1/2 cup fresh basil leaves, cut into shreds

Wash eggplant, remove caps and cut into quarters or cut in half. Sprinkle with salt and let drain for 30 minutes. Rinse and pat dry with paper towels. Spread pieces in a single layer on a baking sheet, cut sides up. Mix garlic and oil, and drizzle over eggplants. Bake 30 minutes until the eggplants are brown and tender. Cool slightly.

Rinse basil leaves. Stack leaves and roll into a scroll. Cut across into thin shreds. Set aside. Place the eggplants in a large bowl and drizzle with vinegar, add basil shreds and toss. (Option, sprinkle with Parmesan cheese) Serves 4 to 6.

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Garden Fresh – Greek Style Eggplant Salad {Dip}
6 eggplants
garlic (3 cloves)
onion 1/4 cup {white sweet}
Olive oil 1/4 cup
juice of 1-lemon
salt {to taste}
pepper {to taste} {fresh course ground pepper corns}
parsley

METHOD: Prick the eggplants with a fork and bake them in hot {350 degrees} temperature.
When they are soft enough, cool them and peel.
Chop the eggplants and put them in a blender until they become a pulp.
Gradually add olive oil, onion, garlic, parsley and lemon juice into the blender and continue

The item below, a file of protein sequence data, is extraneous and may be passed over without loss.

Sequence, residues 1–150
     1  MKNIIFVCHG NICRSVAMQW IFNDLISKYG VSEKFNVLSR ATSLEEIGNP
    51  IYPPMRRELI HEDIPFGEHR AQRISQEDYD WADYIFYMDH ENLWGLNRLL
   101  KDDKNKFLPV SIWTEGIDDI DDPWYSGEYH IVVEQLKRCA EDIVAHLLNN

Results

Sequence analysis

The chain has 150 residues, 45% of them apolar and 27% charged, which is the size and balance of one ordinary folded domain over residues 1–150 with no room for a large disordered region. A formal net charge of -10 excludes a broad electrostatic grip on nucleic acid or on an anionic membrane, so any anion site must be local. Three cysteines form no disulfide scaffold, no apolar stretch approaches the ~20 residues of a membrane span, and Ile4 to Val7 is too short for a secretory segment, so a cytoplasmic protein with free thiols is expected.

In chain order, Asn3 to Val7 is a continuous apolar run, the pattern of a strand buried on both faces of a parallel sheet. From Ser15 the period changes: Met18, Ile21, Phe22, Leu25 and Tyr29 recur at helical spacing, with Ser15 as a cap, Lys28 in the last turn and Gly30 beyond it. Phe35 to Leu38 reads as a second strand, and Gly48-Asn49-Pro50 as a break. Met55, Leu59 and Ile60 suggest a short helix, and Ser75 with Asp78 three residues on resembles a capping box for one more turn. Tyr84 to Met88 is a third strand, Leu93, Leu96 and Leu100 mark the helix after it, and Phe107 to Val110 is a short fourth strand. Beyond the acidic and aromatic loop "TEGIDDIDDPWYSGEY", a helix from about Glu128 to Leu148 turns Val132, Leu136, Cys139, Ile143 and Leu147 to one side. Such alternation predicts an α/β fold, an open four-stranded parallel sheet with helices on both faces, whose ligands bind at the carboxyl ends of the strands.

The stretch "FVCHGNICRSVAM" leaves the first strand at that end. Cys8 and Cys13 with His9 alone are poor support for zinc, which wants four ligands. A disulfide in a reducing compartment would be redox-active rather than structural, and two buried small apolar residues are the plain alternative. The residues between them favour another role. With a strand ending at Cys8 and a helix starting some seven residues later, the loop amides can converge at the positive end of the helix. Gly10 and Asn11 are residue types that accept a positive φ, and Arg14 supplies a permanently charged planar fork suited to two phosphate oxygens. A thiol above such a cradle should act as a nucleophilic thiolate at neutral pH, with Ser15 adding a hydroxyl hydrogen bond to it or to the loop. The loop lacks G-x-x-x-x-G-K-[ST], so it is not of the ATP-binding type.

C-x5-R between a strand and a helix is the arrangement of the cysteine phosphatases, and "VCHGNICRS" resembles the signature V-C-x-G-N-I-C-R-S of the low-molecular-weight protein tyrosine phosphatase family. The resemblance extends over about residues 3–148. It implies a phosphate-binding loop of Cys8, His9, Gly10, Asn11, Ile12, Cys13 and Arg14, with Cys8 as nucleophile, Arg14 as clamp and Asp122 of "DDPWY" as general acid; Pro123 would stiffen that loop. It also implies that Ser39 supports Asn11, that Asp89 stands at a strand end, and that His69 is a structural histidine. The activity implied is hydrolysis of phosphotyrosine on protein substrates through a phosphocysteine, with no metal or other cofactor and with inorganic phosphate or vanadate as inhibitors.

working with the mixture until the pulp becomes soft.
Garnish with whole olives and red onion slices.
Serve cold with fresh hard crust bread.

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Greek Style Fried Eggplant
1/2 cup all-purpose
3 eggs, lightly beaten
2 cups fresh bread crumbs
1/2 teaspoon salt, plus additional for sprinkling eggplant
1 small eggplant, cut crosswise into 1/4-3/8 inch thick slices.
Olive oil or Canola oil, for frying

Place the flour, egg, and bread crumbs each in 3 small bowls.
Add the 1/2 teaspoon of salt to the egg and whisk to combine.
Season the bread crumbs with a tablespoon of dry finely cushed Oregano and stir with a fork or your hands to thoroughly combine.

Dredge each piece of eggplant in the flour, coating thoroughly and then shaking to remove any excess flour.
Coat each piece with the egg, then dredge in the bread crumb mixture, pressing to make the bread crumbs adhere.
Transfer the eggplant pieces to a rack or to paper towels to let them dry slightly before frying.

In a deep, heavy skillet heat 1/2-inch of vegetable oil to 350-375 degrees F.
Fry the eggplant pieces, in batches if necessary, for about 1 minute on each side, or until golden brown.
Transfer with tongs to paper towels to drain.
Salt to taste before serving.
Garnish with spoon full of eggplant dip {above recipe}.
(Option, sprinkle with Parmesan cheese)

Why is common sense so uncommon?
Don’t be shy. Leave me your comment(s)

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3 responses to “Which Came First? The Eggplant Or KFC?

  1. Thanks for the information on eggplants . I would like to try them this spring in my garden and the recipe looks yummy 😉

    Like

  2. Thanks for all the great tips on how to cultivate eggplants. I never knew that there was so much involved into getting it to grow properly:)

    Like